“Jerusalem is, without doubt, the ultimate bone of contention,” declares international law scholar Jacques Gauthier.  He says that a title search in The Law of Nations shows that the Israeli ownership of Jerusalem is res judicata, decided law.  (Gauthier, YouTube, “Who Owns Jerusalem?”)

“By denying a Jewish history and a Jewish Temple, the Palestinians are also denying Christianity its heritage.  For without a Jewish Temple, the events of Jesus could not have taken place.”  So writes author Barry Shaw.  He notes that BDS churches subscribing to Replacement Theology have no problem with that.  “Leaders of the Methodist, Anglican, and some Baptist churches fall in line with the Palestinian argument against Israel.” (Barry Shaw, Israel, Reclaiming the Narrative)

The Palestinians and their credulous followers in the BDS-supporting Western churches blatantly propagate the twin falsehoods that Israel has neither a legal claim nor a historical connection to Jerusalem.  They use that line to promote the idea that Jerusalem should be divided or internationalized.  Leftwing Israeli politician Shlomo Ben-Ami, a former foreign minister, revealed their deeper assumption: “At the deepest level, they are not ready to recognize that we have any kind of title here.” (Shaw, Reclaiming)

Let’s look at the Palestinian BDS claims in light of the legal and historical facts.  In 2001 Ikrima Sabri, the Mufti of Jerusalem, audaciously lied to Die Welt, saying that “in the whole city, there is not even a single stone indicating Jewish history.”

In contrast, at various times plenty of Arab and Islamic sources have been more honest about it.  In 1930 the Supreme Muslim Council in Jerusalem published a booklet called “A Brief Guide to al-Haram al-Sharif” (the Temple Mount).  It states that the Temple Mount’s “identity with the site of Solomon’s Temple is beyond dispute.”   Multiple similar examples can also be found.  Even the Qur’an talks about Solomon’s construction of the first temple (34:13) and the destruction of the first two temples (17:7). (Bard, Mitchell, in “Myths and Facts”)

Recently we’ve seen attempts by BDS supporters to claim that the Jews have no authentic historical connection to Jerusalem.   As Prime Minister Netanyahu quipped in his 2016 address to the United Nations, “That’s like saying that the Great Wall of China has no historical connection to the Chinese people.”  The Palestinians are so fanatical about denying Israel’s historical connection to Jerusalem that they resort to destroying material evidence by massively excavating under the Temple Mount.  Their BDS-aligned partners in Western religious circles go right along with this dishonest madness.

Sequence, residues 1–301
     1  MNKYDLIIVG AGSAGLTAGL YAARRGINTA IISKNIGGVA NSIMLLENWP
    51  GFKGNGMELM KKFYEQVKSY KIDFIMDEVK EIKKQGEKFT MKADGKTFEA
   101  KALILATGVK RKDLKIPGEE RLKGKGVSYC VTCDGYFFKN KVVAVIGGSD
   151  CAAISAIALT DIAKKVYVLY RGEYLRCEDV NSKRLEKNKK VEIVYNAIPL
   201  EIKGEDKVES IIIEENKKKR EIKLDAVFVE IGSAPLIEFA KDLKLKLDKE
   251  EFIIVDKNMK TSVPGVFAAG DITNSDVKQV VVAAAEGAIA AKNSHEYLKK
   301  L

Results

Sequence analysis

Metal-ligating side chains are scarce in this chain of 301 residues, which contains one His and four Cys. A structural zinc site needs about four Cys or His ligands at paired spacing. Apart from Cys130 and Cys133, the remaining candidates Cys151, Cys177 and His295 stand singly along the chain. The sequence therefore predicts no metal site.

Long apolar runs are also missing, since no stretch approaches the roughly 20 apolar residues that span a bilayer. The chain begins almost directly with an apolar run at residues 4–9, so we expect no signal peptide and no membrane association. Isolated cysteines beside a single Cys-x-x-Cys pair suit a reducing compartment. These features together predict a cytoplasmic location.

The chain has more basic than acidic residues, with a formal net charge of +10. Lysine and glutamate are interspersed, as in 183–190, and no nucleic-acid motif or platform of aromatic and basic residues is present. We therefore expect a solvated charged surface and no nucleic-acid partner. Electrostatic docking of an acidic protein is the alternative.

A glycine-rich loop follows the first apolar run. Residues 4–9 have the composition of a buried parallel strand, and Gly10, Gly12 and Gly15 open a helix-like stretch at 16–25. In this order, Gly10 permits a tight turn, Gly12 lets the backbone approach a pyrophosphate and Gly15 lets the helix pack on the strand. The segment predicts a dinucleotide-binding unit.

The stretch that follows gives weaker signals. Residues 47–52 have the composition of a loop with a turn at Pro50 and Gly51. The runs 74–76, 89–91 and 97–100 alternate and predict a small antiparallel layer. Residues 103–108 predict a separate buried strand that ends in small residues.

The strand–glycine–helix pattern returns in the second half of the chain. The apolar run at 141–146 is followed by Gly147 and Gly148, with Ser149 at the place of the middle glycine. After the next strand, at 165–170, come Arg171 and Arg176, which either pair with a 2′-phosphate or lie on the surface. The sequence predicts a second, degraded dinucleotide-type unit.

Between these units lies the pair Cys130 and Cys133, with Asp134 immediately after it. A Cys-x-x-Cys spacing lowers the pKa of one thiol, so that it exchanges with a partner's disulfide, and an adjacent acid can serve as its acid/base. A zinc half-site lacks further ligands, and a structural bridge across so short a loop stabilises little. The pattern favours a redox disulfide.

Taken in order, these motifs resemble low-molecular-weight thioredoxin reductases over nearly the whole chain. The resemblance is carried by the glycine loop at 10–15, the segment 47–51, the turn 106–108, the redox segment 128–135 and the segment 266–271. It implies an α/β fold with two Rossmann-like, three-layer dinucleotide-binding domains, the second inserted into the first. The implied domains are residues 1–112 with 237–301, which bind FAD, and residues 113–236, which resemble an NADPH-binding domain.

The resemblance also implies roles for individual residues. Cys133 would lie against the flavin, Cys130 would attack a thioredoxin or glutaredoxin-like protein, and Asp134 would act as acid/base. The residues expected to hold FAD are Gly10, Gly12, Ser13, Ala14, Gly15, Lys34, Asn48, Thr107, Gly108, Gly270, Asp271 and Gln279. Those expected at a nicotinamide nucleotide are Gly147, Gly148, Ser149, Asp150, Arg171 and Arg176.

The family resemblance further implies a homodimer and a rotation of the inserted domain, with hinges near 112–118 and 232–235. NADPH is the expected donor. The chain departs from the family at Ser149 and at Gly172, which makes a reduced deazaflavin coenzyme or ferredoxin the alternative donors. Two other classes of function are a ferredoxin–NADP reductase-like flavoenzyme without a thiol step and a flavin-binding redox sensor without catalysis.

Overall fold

The Mandate for Palestine was passed in 1922 by the League of Nations and confirmed afterward by the United Nations.  It has never been superseded.  As an article of international law, it detailed what the boundaries were to be for Palestine as a Jewish national home.  Those same legal boundaries continued to exist after the Jewish state succeeded the Mandate in 1948.  Jerusalem is entirely within those boundaries.  Therefore, quite simply, Jerusalem is within the boundaries of Israel.

At the end of the 1948 war, in which five Arab countries invaded Israel, Israel had control of western Jerusalem, while Jordan controlled eastern Jerusalem.  However, Jordan had acquired that control by illegal aggression and continued to hold it illegally for 19 years until 1967 (during which time a ceasefire agreement was in effect).  Jordan’s broader occupation and annexation of Judea and Samaria was also illegal.  Moreover, in violation of the armistice agreement, Jordan refused during those years to allow Jews into eastern Jerusalem.  Because of that, eastern Jerusalem became known in popular conception as “Arab” Jerusalem.

The outcome of the 1967 Six-Day War reinforced Israel’s claim to Jerusalem.  Rejecting Prime Minister Eshkol’s peace offer to Jordan, King Hussein mounted an attack on Israel anyway.  Of course, Israel defended itself, resulting in Jordan losing control of the West Bank and Jerusalem (gained by aggression in 1948).  This victory allowed Israel to extend its jurisdiction and administration to eastern Jerusalem.  Based on the principle that a state acting in self-defense has greater right to a territory than an aggressor attacking the territory, distinguished international lawyer and later president of the International Court of Justice, Stephen Schwebel, stated, “Israel has better title in the territory of what was Palestine, including the whole of Jerusalem.”

Ironically, the Palestinians insist on returning to the “1967 border,” the same ceasefire line that Jordan had insisted was temporary in 1949.  Indeed, the armistice line was never a border; it was expressly temporary.  But by an absurd stretch, the Palestinians base their claim on the premise that the real estate was Jordan’s and therefore it’s theirs – as if the Palestinians were identical to Jordan.  Jordan and the Palestinians are in fact two different entities.  The armistice agreement was between Israel and Jordan, two sovereign nations.  It had nothing to do with the Palestinians.  So there is no legal reason to divide Jerusalem.

The Qur’an makes no explicit reference to Jerusalem, and Muslims praying in Jerusalem turn their backs to the Temple Mount, facing Mecca.  So why is the Palestinian national movement so adamant about displacing the Jews and establishing Islamic sovereignty over Jerusalem?  As Barry Shaw observes, it’s not so much about their own claims, but about using their interpretation of Islam to further their political agenda: “It’s all about destroying Israel and planting their Palestinian flag over Jerusalem as a statement of conquest.”  Sadly, that would appear to be just fine with the pro-BDS Christian denominations who are driven by their Replacement Theology with its implicit anti-Semitism.

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